Government facing a call for up to €1bn in additional funding to help build ‘affordable’ homes

The Land Development Agency has stepped up interventions in the housing market

Workers monitor a crane lifting materials at a construction site in the Sandyford district of Dublin, Ireland, on Tuesday, May 11, 2021. The mass purchase of affordable houses — on the market for about 400,000 euros ($490,000) — set off a public firestorm and highlights the growing tension over the squeeze in urban housing and the role of large investors. Photographer: Paulo Nunes dos Santos/Bloomberg

The Government is facing a call for up to €1 billion in additional funding for the Land Development Agency as the State body steps up interventions in the housing market.

The agency was set up in 2018 to build homes on State property but took on new tasks under the Housing for All masterplan to back developers building “affordable” homes on private lands.

The organisation was promised €2.5 billion at the outset – €1.25 billion in capital from the Ireland Strategic Investment Fund and another €1.25 billion in debt– and potentially another €1 billion.

Now a business plan under discussion with the Government is understood to say the LDA’s prospective projects are expected to go well beyond the first €2.5 billion, meaning significant additional sums will have to be settled in coming months as the initial funds are spent.


One factor driving demand for more LDA funds is a weakening in the flow of private investment fund money into the housing market since the European Central Bank raised borrowing rates last year for the first time in years. Such moves spurred developer interest in LDA support.

The LDA already has agreements to back five private developers building 671 homes in Dublin, Cork, Wicklow and Waterford and is in talks with four others on plans that will bring to some 1,000 the number of homes built under its Project Tosaigh initiative.

The Project Tosaigh scheme, unveiled in autumn 2021, aims to deliver 5,000 homes in five years. The objective was to speed up building on projects with planning permission on which construction had not commenced.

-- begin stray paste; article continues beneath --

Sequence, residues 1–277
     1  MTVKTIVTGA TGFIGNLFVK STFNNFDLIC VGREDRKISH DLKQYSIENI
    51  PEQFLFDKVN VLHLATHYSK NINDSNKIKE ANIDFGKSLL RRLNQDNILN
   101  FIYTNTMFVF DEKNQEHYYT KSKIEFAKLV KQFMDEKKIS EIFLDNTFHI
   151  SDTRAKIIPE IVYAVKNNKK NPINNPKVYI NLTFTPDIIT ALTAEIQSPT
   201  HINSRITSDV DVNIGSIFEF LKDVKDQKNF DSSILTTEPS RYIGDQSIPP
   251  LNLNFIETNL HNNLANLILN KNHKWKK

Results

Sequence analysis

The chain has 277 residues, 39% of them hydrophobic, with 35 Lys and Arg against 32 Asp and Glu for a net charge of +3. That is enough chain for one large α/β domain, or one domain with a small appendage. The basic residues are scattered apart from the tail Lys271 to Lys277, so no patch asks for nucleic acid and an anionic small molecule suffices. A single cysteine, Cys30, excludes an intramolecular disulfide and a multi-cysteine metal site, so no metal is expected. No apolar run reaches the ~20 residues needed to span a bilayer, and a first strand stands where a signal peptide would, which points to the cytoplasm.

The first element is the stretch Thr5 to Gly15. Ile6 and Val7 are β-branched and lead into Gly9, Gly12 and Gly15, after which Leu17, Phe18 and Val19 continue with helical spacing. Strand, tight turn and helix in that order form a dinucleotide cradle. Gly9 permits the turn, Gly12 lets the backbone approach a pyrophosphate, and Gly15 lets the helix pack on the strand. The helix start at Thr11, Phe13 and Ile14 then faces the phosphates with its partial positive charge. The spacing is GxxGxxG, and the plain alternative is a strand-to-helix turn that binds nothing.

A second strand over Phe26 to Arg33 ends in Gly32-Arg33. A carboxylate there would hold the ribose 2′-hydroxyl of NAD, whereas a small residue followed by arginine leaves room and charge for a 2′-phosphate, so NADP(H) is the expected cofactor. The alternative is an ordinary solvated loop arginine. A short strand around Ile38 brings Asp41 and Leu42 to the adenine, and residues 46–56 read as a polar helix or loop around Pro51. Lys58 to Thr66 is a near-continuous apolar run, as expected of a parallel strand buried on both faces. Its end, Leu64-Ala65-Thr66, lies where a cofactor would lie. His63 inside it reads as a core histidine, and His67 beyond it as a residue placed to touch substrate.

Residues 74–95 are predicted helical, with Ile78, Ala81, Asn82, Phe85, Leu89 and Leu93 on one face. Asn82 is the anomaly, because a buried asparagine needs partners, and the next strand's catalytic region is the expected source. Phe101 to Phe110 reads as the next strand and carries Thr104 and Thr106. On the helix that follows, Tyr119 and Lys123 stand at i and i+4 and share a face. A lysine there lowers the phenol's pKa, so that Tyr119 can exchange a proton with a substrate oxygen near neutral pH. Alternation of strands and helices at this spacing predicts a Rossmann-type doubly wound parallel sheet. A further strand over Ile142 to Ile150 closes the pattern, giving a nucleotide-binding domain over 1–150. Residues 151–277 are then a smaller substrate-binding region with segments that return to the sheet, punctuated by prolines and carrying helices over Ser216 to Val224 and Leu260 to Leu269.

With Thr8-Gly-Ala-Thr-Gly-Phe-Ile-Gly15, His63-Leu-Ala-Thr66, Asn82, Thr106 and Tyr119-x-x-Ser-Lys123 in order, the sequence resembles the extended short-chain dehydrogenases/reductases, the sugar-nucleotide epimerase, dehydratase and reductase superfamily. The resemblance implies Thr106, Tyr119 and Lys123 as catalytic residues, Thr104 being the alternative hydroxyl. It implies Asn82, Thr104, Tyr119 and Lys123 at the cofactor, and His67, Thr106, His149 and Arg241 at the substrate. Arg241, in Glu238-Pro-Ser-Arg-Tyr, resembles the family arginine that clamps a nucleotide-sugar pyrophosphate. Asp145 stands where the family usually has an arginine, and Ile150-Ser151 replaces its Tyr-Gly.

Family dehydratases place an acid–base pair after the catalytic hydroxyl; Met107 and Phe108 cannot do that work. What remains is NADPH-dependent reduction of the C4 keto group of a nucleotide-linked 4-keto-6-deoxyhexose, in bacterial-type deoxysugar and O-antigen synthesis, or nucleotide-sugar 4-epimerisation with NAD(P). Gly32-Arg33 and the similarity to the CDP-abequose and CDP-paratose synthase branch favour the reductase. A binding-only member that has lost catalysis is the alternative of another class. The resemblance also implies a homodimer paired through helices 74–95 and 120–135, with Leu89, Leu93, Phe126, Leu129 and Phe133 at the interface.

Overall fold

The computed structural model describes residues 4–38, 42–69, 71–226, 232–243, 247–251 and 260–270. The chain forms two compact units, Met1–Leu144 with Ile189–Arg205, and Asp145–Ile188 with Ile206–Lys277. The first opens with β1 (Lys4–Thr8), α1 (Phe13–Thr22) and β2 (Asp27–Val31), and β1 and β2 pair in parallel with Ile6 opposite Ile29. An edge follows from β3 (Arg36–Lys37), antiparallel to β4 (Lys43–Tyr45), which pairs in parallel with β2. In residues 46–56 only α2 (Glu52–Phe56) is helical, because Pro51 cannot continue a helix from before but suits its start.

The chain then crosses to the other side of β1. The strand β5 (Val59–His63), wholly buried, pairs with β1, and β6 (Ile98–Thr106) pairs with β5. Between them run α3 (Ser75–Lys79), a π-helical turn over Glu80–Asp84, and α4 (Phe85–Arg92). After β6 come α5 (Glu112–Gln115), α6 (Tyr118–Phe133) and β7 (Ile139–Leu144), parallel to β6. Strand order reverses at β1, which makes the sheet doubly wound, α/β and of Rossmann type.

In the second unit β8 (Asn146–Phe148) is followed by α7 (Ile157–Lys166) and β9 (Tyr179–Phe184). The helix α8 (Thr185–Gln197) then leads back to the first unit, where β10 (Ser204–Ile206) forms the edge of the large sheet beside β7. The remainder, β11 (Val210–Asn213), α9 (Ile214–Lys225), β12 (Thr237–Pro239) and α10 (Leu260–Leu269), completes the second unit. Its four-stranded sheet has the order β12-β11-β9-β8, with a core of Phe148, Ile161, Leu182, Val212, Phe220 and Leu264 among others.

The first partners are: McGarrell Reilly (247 apartments at Hansfield, Dublin 15); Cairn Homes (142 units in Delgany, Co Wicklow); O’Flynn Group (92 affordable for sale dwellings in partnership with Cork Co Council at Mallow, Cork); Harcourt Developments (95 cost rental dwellings at Citywest, Dublin); and Whitebox (95 affordable for sale units at Kilbarry, Waterford).

The likely call for fresh LDA funds comes after the body received 100 expressions of interest in November for a second building phase under the Project Tosaigh plan, 30 more than in the first phase.

“The agency received a strong level of submissions in this second phase, about 100, and expects to secure a similar or greater level of affordable homes from this process as the 1,000 it secured in the initial call,” the LDA said.

“While final details are to be determined as the LDA is currently working through proposals, it is likely that this process will involve higher density projects comprising apartments which will be used for cost rental homes.”

The LDA separately has planning permission for some 597 new dwellings on State lands at Shanganagh Dublin, 265 dwelling at on State land at St Kevin’s Hospital, Cork, and for 219 units at Devoy Barracks, Kildare. Construction has commenced at Shanganagh and at St Kevin’s Hospital in Cork.

Planning approval has been sought for a further 2,755 units on assorted sites at Hacketstown in Skerries, Balbriggan in Dublin, Dundrum Central Mental Hospital Dublin and St. Teresa’s Gardens in Dublin.

“The agency has approximately 5,200 homes in the design and development process, and it has a strong pipeline of projects to continually add to this portfolio, with more sites to be added in the coming months,” it said.

Arthur Beesley

Arthur Beesley

Arthur Beesley is Current Affairs Editor of The Irish Times